Powers to protect stalking victims not being used in Cheshire

Powers to protect victims from stalkers are not being used in Cheshire, despite a huge increase in stalking crimes during the pandemic.

Cheshire Police recorded 1,650 incidents of stalking in the nine months from April to December 2020.

This is a 113 per cent increase from the 775 incidents reported in the 12 months to March 2020.

Stalking Protection Orders (SPOs) were introduced in January 2020 and are designed to provide the police with new powers to impose restrictions on stalkers.

Examples of restrictions SPOs could impose on stalkers include banning them from: entering certain locations, using a device that can access the internet (unless the internet history can be stored) and physically approaching or contacting the victim.

SPOs usually remain in place for two years.

Cheshire Police have only applied for 18 orders since January 2020.

A total of 13 SPOs were granted, four have not been heard and one was rejected by the courts.

The figures also show just six per cent of reported stalking offences led to someone being charged in the nine months to December 2020.

In response to the figures, a spokesperson for Cheshire Police said: “Cheshire Police, along with police forces nationally, remains absolutely committed to safeguarding victims of stalking and harassment, these offences have a significant life changing impact on victims and, without appropriate early intervention, the risk of harm can quickly escalate.

“The National Police Chiefs Council continues to work with key partner agencies to improve the response to stalking and harassment.

“Over the last three years, this has included the introduction of refreshed training and guidance to all frontline officers and staff, and the establishment of a network of specialists in each police force in England and Wales who are responsible for improving standards locally.

“In addition, the police service in conjunction with the CPS has introduced a revised protocol to guide investigative decision making, as well as working with the Home Office to roll out Stalking Protection Orders that can be used as an additional tool to protect victims.

“We are fully committed to doing all that we can to bring offenders to justice and safeguard victims and we will continue to raise awareness of the changing landscape of stalking, how to report concerns and which organisations can provide guidance, advice and support.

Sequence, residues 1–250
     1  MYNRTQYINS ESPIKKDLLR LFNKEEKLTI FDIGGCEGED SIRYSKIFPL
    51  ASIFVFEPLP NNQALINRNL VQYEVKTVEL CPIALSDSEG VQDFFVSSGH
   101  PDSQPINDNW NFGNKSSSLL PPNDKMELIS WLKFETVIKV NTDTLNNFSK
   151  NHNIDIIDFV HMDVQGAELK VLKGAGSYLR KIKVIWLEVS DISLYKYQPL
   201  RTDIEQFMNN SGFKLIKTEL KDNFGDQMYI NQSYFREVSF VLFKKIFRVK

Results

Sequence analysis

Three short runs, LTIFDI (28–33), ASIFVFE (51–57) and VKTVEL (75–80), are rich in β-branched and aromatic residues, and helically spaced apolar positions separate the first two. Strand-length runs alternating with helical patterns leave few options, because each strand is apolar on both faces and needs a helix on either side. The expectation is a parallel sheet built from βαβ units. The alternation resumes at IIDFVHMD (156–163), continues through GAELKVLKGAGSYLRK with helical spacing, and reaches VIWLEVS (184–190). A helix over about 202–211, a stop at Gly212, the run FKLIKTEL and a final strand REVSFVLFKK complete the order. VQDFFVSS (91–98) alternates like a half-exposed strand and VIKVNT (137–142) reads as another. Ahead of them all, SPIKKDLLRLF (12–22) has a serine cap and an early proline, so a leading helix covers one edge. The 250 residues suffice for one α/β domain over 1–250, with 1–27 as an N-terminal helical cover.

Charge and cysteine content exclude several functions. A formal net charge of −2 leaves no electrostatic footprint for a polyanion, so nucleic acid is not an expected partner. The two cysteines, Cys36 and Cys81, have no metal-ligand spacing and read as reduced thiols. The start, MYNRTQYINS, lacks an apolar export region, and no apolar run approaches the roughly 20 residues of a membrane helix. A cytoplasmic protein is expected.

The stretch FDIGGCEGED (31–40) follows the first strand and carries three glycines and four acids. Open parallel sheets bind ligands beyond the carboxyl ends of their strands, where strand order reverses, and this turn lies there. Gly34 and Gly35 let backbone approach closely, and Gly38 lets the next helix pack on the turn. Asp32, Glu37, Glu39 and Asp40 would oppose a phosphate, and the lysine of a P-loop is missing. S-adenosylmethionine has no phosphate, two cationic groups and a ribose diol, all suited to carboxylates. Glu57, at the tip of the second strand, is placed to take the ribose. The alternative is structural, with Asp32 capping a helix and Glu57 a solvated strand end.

“Cheshire Constabulary’s Harm Reduction Unit (HRU) is a multi-agency risk management service between Cheshire Constabulary, The National Probation Service, Cheshire and Wirral Partnership and Merseycare NHS Foundation Trusts.

“It involves police, criminal justice, independent victims’ advocates and health professionals working together as a single service to manage risk in cases of stalking and serial domestic abuse.

“We would always urge anyone who believes they may be subject of stalking to come forward at the earliest opportunity and report their concerns to police so we can work with them to protect them.”

Police forces across England and Wales recorded 59,950 incidents of stalking in the nine months from April to December 2020.

This is almost double the 30,818 incidents that occurred in the year ending March 2020.

More than half of all police forces have seen stalking incidents double over the same time period.

This information comes from responses from 41 out of the 43 police forces in England and Wales to a Freedom of Information request from the BBC’s Shared Data Unit.

Clive Ruggles, whose daughter, Alice Ruggles, was murdered by her stalker in 2017, said he thinks of Alice when thinking about how he felt about some police forces not applying for a single SPO.

He said: “If another Alice came to the police today, would the outcome be different? SPOs could have helped Alice – we’re absolutely convinced of that. But now it just seems like a postcode lottery. We haven’t learned. That is personally distressing for us. We have to make this better.”

Police forces in England and Wales applied for 427 orders since January 2020.

Only 22 applications were rejected by courts, a rejection rate of just over five per cent (5.1 per cent).

Of the 427 applications, more than half (214) were made by just four police forces in the south east of England: The Met, Sussex, Kent and Surrey.

While stalking incidents have risen, the national charge rate for stalking offences has fallen from 23 per cent in the year ending March 2016 to just six per cent for the nine months ending in December 2020.

These increases in stalking incidents come despite England and Wales being in a lockdown, for a large part of the nine months from April to December 2020.

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The Home Office said it is set to meet with police forces to look at ways to improve the use of SPOs.

A Home Office spokesperson said: “Stalking Protection Orders stop perpetrators in their tracks and prevent them contacting victims. We expect police forces to make full use of them.

“The Home Office and College of Policing have worked closely with forces to produce guidance on issuing them.

“Next week, Home Office officials will meet with the police and other stakeholders who work to tackle stalking to set out our findings on how effectively police forces have been using SPOs and discuss how to improve this.”

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